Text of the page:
A higher than normal power demand is anticipated because customers will be trying to keep warm, White said. The LREMC system is built to withstand the load, but customers can reduce the strain by setting their thermostats to 68 degrees. Lowering the thermostat also will reduce customers’ bills.
Area residents also can help by slowing down and being careful when they see an LREMC crew working on the side of the road, he said. Doing so helps reduce the chances of an accident.
“Don’t be out on the roads unless you have to,” he said.
LREMC customers who experience an outage should call 800-683-5571.
Duke Energy is monitoring the weather conditions, said Tammie McGee, a company spokesperson.
“Duke Energy has a detailed storm response plan. We are prepared to respond when severe weather situations occur,” McGee said.
Duke personnel are checking equipment, supplies and inventories to ensure there are adequate materials to make repairs and restore power outages, she said.
“Storms are unpredictable,” McGee said. “Until we are confident in the storm’s path and its impact to our customers, we will not release any Duke Energy employees or contractors to assist with restoration efforts outside of our service areas.”
Customers are encouraged to prepare by checking their supply of flashlights, batteries, bottled water, non-perishable foods, medicines, etc., McGee said. They also should ensure a portable, battery operated radio, TV or NOAA radio is on hand. Families who have special medical needs or elderly members should closely monitor weather forecasts and make plans for potential alternate arrangements should an extended outage occur.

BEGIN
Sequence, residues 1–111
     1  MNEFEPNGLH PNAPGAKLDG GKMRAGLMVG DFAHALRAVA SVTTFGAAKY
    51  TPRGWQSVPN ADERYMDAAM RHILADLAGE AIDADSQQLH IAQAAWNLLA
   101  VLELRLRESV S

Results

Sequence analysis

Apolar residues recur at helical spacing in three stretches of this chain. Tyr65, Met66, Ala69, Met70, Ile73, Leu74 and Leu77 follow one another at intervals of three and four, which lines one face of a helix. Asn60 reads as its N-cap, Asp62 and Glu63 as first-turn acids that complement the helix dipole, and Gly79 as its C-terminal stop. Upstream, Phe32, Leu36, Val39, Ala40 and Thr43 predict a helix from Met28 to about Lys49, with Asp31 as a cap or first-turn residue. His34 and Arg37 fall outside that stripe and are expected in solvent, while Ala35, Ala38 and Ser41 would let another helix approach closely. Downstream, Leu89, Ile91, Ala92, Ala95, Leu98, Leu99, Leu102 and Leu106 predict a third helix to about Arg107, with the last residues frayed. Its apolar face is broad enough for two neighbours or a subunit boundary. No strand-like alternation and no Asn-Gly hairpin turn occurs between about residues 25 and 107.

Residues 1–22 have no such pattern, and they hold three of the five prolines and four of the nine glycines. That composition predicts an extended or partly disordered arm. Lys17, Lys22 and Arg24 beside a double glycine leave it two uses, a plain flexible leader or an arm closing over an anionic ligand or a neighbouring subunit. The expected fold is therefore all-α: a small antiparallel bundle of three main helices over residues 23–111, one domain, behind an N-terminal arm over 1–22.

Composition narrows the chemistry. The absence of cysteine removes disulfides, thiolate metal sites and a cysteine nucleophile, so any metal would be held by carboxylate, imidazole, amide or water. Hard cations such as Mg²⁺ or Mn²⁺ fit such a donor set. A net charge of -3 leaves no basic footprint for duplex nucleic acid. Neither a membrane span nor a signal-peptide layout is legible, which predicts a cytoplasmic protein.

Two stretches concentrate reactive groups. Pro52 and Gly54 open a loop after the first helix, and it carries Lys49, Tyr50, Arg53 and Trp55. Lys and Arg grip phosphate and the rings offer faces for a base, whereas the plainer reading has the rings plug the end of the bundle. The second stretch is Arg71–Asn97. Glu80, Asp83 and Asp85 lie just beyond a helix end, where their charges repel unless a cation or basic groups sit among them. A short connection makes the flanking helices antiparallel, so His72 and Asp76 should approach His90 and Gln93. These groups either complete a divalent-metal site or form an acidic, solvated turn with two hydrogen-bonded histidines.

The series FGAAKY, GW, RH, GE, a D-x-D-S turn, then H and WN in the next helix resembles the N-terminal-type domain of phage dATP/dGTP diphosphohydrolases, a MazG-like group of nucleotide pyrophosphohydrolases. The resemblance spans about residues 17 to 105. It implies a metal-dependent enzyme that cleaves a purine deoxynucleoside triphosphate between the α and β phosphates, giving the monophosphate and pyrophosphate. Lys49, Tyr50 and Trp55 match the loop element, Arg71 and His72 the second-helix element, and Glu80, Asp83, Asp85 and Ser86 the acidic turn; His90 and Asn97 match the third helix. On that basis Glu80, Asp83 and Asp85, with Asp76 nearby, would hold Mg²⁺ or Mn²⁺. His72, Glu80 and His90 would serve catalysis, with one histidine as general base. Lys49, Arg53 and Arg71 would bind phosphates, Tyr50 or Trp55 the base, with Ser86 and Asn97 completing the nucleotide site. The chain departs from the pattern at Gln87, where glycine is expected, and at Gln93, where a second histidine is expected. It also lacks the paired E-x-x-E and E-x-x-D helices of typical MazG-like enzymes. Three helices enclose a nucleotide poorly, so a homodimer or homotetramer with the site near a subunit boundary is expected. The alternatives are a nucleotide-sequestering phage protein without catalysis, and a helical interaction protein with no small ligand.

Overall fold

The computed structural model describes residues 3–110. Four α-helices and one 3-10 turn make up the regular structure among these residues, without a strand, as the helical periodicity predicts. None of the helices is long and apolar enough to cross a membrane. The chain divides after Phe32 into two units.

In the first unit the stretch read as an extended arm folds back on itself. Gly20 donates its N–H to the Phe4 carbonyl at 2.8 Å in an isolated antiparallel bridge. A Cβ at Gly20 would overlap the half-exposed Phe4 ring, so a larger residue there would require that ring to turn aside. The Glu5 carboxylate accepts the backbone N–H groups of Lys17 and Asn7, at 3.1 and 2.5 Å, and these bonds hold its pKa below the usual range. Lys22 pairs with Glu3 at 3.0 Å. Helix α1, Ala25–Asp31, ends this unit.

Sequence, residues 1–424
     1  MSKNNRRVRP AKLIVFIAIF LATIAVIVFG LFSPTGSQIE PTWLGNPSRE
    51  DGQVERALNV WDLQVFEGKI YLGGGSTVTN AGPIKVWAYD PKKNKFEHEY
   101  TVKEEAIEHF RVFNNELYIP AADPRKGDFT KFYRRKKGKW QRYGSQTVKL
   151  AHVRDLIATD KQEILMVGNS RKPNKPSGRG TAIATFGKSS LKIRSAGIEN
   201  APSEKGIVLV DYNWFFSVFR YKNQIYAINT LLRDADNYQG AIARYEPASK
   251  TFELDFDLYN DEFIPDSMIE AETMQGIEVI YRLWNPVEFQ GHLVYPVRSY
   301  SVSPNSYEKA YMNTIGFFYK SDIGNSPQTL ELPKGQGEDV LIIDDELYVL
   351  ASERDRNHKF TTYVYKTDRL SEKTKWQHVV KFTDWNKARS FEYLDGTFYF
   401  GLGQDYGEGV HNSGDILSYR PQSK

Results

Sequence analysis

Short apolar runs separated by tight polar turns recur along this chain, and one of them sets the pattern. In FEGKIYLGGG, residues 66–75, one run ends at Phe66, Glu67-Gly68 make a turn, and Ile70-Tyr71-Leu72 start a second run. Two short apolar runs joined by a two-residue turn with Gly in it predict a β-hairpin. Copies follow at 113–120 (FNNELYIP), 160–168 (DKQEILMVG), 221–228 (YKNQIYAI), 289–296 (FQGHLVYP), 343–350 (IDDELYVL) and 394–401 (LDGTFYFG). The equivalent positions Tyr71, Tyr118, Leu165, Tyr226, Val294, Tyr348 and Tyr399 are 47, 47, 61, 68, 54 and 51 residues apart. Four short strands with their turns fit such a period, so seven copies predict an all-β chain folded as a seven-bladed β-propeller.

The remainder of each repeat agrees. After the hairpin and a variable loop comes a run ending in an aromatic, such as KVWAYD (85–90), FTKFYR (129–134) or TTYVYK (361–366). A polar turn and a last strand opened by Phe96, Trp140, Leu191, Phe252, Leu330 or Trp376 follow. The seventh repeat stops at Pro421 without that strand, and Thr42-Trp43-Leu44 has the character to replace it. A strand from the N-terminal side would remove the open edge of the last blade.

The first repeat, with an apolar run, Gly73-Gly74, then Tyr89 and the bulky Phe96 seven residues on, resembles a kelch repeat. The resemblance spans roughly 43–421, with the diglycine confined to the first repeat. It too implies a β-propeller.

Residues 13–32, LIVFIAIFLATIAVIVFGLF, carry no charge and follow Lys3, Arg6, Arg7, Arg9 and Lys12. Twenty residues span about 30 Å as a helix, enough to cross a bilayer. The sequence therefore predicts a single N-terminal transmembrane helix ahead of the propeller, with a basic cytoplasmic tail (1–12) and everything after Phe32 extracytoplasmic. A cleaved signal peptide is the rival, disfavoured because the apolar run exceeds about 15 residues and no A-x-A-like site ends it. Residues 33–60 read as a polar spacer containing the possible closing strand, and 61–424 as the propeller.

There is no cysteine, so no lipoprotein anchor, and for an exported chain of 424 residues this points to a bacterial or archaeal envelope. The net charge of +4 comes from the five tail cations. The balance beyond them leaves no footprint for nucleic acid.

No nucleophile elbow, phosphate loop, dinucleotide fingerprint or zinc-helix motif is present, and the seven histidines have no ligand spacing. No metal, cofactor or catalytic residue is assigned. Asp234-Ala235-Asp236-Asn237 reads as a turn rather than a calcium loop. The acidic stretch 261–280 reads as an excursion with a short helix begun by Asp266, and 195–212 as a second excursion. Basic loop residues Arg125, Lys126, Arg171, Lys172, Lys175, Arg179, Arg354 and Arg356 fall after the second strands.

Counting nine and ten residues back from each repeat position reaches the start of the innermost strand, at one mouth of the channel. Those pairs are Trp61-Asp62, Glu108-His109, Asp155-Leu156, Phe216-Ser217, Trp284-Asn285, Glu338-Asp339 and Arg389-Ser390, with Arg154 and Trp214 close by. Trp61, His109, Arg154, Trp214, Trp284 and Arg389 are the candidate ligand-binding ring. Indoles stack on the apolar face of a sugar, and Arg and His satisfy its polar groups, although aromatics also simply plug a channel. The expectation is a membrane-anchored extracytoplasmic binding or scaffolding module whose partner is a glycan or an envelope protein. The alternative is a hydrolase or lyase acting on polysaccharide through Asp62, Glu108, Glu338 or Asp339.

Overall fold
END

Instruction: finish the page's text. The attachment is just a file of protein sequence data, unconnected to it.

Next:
“Stay away from power lines that have fallen or are sagging,” she said. “Consider all lines energized as well as trees or limbs in contact with lines. Please report downed power lines to Duke Energy and your local police department.”
Customers who experience an outage during the storm should call the automated outage-reporting systems for their respective utility. Duke Energy Carolinas customers can call 1-800-769-3766. Progress Energy Carolinas customers can call 1-800-419-6356.
Customers may also report an outage, view current outages and receive Estimated Times of Restoration online at www.duke-energy.com/storms.
“ElectriCities continues to monitor the forecast and is ready to activate the Emergency Assistance Program, if needed,” said Michelle Vaught, vice president, Corporate Communications. “We are in constant contact with other N.C. Public Power utilities in order to provide quick assistance in the event that our member utilities request aid.”
ElectriCities does not anticipate problems delivering power to customers in Robeson County if it should snow, she said.
At the Lumberton Christian Care Center in the downtown area, the shelter had six vacant beds out of 20 on Tuesday afternoon. The center has relaxed rules for homeless people seeking shelter, not requiring them to go through clearance at the Lumberton Police Department. That is communicated by white towels or “flags” being attached to poles outside the center.
“When the white flag goes up, all of that is out the door,” said Eddie Davis, manager of the care center. “We just want to keep people safe from out of the cold.”
Staff writers T.C. Hunter and Annick Joseph contributed to this report.